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The Grassfields of Cameroon



The Land
- The Great Sahara Desert
- The Biggest Desert
- Blown Dry
- More than Sand Dunes
- Window to the Past
- The Tuareg
  - Introduction
  - Traditional life
  - Camels
  - Salt
  - Oasis
  - Clothing
  - Women
  - Writing and song
- Two ways to count to 10

Camels can cross deserts

Over 2,000 years ago, people brought domesticated camels to the Sahara from the Middle East. Camels were ideal for life in the desert because they ate dry, tough food like acacia thorns and could go for long stretches without drinking. Without camels, centuries of desert caravan trade would never have happened.

Even today, trucks are not practical camel-substitutes for many traders. Trucks, gas and maintenance are expensive. And out in the desert, it's usually easier to replace a camel than a mechanical part.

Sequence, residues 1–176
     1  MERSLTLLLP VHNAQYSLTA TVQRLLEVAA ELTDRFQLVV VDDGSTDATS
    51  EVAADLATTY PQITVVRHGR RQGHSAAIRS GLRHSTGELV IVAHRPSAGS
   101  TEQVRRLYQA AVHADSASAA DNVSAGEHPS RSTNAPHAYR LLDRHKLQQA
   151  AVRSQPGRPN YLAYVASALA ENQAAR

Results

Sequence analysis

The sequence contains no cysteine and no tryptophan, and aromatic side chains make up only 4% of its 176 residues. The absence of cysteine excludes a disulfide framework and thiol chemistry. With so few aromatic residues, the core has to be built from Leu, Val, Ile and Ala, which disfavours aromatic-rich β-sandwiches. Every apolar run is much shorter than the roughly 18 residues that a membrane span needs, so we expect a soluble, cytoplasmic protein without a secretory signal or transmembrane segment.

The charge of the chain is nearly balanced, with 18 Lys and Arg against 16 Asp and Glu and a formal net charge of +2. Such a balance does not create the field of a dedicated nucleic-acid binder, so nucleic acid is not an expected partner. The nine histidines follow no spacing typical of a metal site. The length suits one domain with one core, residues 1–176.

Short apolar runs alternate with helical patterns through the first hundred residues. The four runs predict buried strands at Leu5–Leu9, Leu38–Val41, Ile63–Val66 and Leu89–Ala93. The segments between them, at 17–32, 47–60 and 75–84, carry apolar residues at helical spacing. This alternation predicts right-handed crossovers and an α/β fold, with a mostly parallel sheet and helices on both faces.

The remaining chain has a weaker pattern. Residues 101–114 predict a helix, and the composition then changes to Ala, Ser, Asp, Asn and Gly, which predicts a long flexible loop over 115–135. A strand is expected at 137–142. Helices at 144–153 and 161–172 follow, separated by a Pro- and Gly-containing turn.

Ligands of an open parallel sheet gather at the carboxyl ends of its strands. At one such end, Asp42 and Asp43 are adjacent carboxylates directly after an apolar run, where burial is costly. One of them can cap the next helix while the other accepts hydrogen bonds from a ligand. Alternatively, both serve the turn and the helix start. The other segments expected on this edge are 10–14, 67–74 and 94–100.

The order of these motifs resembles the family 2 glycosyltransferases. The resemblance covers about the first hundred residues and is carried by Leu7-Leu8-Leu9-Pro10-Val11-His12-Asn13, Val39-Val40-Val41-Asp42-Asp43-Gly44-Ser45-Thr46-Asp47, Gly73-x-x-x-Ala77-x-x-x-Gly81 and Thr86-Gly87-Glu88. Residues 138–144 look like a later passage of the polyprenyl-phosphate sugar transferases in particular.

But they can't drink alone

Camels can't survive in the Sahara without human help. Although they can smell the water in wells, camels can't get water for themselves. Unless people draw water for them, camels will die.

Camels drink as only camels can

A camel can go without drinking longer than any other domestic animal. In the cooler part of the year, a camel may not drink water for up to six months - it gets all the moisture it needs from its food. Even during the blazing hot summer months, a camel may drink only once a week. A camel conserves water so well that it can lose up to 40 percent of its body weight and still live. When camels drink, they consume enormous amounts of water at one time. A very thirsty camel-such as one just off a long, hot caravan-can gulp 35 gallons (135 1) of water in six minutes. One record-holding camel drank more than 50 gallons (200 1) in one day.

How well do you know the camel?

Play the CAMEL FACTS flashcard game.

Test your knowledge of the camel!

The flashcard game uses a Java applet and requires Netscape 3.0 or the equivalent.


CAS home   Images of camels from University of Pennsylvania multimedia database.